Iced Earth, "The Glorious Burden"
I've finally gotten my grubby little paws on the full disc - well, actually, I dropped some extra coin and got the two CD, super-deluxo version because the secondary disc has the much vaunted "Gettysburg (1863)" on it... alotta folks seem to think this track is the only worthwhile thing about Schaffer's new release. Say it ain't so, Jono!
Well, since Mr. Schaffer ain't here to say it ain't so - I will. By now, if you're at all familiar with the band, you know what to expect: the thrashy gallops interspersed with the mid-paced chugs and occasional Maidenesque high speed romp. Oh yeah, and don't forget the obligatory, emotional ballad bits that are all over the place here. Schaffer hasn't changed his style over the years, which is cool by me. Change doesn't always mean progression, sometimes it just means excess and suckcess - and thankfully Iced Earth hasn't gotten so far into its Metallica worship that Jon has decided to "rock" - they're still a metal band, thank heavens (or hells for ye Satanist types. I dunno what to thank for you atheists, sorry). The main difference on this release (all join in now) is vocalist Tim "Ripper" Owens taking over for the departed Matt Barlow (who is apparently on his way to patrol the borders of the USA or something like that). As the fates would have it, Ripper is a major reason why I truly enjoy this disc, although he still makes me miss Barlow on the emotional bits.
It's truly great to hear Owens belt it out, teeth gritted and balls clenched firmly betwixt his spiked leather glove. Glen Tipton forced Tim to sing most of the Judas Priest stuff like a second rate Layne Staley wannabe impersonating Phil Anselmo (how's that for a strained analogy?), but Schaffer gives Ripper more than enough space to explore his full Halford range, and Owens is definitely no mere Halford wannabe, he's got all the bases covered in that style. I dunno, color me shallow, but everything I missed about those two Priest discs that Owens sang on is in full force here, and that's good news. It's just cool to hear Tim finally get the chance to shine in the spotlight that's been put on him, which is a much better ending than that "Rock Star" movie came up with.
Musically, "The Glorious Burden" is pretty much par for the course. If you've enjoyed the past three Iced Earth discs, you'll dig this. If not, you'll find that this record is nothing more than the same sort of stuff that you hated before. I'm a fan, so I dig it. Much ado has been made about the heart-on-my-sleeve patriotism of the album, and while blind nationalism annoys the bejeezus out of me, the lyrics are tolerable. September 11 had a major impact on my life (I won't be running out to patrol the borders, however), so I can understand where the thought behind the morose "When the Eagle Cries" comes from, even if it's heavy handed. Not my favorite song by a mile or three, but Jon needed to get it off his chest, so good on 'im.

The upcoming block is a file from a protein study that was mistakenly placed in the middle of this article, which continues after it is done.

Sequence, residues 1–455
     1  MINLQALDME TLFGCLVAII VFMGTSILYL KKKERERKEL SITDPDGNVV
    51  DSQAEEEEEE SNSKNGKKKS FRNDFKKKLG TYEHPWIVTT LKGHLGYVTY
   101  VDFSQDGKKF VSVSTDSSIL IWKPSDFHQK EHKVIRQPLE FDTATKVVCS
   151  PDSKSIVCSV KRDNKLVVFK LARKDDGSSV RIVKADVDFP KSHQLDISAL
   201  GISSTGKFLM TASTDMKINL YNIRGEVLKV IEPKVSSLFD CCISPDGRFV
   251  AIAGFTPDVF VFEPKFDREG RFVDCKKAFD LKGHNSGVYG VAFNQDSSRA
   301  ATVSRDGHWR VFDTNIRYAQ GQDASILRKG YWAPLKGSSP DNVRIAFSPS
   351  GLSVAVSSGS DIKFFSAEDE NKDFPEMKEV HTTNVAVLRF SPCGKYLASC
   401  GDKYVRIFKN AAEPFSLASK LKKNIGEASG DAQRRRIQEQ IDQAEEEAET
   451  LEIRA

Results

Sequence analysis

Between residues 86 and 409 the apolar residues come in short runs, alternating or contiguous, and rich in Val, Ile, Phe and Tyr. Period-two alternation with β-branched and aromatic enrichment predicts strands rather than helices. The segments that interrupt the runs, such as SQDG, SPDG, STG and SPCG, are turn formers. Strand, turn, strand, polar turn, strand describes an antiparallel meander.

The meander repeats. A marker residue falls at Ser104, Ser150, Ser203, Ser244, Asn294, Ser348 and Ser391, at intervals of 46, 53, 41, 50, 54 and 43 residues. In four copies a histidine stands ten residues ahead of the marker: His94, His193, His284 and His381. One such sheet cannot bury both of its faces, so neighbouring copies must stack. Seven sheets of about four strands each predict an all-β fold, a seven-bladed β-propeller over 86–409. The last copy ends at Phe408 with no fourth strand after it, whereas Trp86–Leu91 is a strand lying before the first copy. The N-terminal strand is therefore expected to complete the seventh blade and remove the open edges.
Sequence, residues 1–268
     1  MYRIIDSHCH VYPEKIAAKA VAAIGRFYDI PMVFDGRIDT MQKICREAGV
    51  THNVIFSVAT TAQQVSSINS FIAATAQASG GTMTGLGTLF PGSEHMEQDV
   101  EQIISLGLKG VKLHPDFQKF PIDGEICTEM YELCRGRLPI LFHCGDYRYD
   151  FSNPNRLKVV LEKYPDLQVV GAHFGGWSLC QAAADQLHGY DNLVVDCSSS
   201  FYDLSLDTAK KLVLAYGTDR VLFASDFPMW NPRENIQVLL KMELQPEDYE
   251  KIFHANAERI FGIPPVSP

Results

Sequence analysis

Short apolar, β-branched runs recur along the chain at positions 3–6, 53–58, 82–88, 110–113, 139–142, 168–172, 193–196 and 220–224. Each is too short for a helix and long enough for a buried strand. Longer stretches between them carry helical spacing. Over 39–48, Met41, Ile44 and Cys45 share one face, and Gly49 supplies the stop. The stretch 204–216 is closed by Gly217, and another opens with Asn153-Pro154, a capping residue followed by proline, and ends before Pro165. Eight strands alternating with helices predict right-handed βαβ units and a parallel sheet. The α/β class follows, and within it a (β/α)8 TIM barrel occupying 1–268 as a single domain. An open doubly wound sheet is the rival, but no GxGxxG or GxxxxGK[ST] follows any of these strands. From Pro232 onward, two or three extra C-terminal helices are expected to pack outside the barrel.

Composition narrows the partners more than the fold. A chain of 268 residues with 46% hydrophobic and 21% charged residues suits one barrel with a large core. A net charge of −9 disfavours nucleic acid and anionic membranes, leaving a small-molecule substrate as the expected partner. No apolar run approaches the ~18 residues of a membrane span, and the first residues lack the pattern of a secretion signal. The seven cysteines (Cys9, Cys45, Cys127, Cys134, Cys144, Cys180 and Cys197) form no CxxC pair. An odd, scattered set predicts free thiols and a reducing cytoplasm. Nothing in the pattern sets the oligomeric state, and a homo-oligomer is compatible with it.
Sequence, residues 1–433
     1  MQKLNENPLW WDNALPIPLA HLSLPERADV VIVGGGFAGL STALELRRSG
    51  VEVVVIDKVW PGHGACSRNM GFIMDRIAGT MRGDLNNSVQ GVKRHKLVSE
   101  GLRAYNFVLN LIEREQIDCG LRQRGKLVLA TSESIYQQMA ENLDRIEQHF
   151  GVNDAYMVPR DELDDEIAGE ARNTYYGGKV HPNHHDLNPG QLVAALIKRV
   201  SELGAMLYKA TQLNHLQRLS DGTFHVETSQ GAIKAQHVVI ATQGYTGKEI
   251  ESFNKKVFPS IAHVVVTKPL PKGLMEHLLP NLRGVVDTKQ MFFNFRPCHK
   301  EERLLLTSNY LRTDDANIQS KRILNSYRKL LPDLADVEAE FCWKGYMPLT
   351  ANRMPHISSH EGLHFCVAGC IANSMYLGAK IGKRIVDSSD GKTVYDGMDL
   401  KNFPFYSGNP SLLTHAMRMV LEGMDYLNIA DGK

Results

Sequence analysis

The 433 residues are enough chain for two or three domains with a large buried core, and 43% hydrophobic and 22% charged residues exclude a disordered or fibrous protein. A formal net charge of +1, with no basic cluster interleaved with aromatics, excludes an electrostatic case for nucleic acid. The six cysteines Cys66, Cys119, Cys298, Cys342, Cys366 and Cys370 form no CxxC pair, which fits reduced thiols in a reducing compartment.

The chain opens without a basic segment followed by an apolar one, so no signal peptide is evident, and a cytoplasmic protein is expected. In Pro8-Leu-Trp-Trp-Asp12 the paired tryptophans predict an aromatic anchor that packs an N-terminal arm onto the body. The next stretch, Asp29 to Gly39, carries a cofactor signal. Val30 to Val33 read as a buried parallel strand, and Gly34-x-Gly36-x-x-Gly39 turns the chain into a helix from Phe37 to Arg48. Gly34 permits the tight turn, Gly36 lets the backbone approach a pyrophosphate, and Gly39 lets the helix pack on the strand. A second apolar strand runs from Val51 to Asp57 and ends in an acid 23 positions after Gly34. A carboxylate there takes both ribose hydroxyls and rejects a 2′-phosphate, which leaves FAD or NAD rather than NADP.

"Gettysburg (1863)" is another emotional romp, but it's a true epic, spanning over half an hour and encompassing all of Iced Earth's trademark riffage with orchestral interludes to spice things up. Split into three sections, the song tells the tale of the American Civil War's bloodiest battle. Jon's linear notes really help this track hit home, and it's every bit as good as many critics are claiming it to be. Well worth the extra coin if you're debating it. I have two qualms about it, however. The orchestration isn't as effective as I'd hoped it would be, and Owens lacks the emotional range to make the track a complete success. Of special note is the last verse, where General Lee laments his poor strategy that caused the death of so many men. Ripper's phrasing choices just sound ridiculous to me here, especially the whispered beginnings of a few lines. Of note, Schaffer points out in the booklet how well Tim sang this particular bit, so perhaps I'm being hyper critical... but I can't help but think how much better it would have sounded if Barlow was still around. Ah well, Matt's gone, Tim's in, and the results are impressive, if not perfect. There's plenty of time to work the bugs out in the future, let's just hope Jon and Ripper can keep it together while Matt keeps the U.S. borders safe.
The Reckoning (Don't Tread on Me)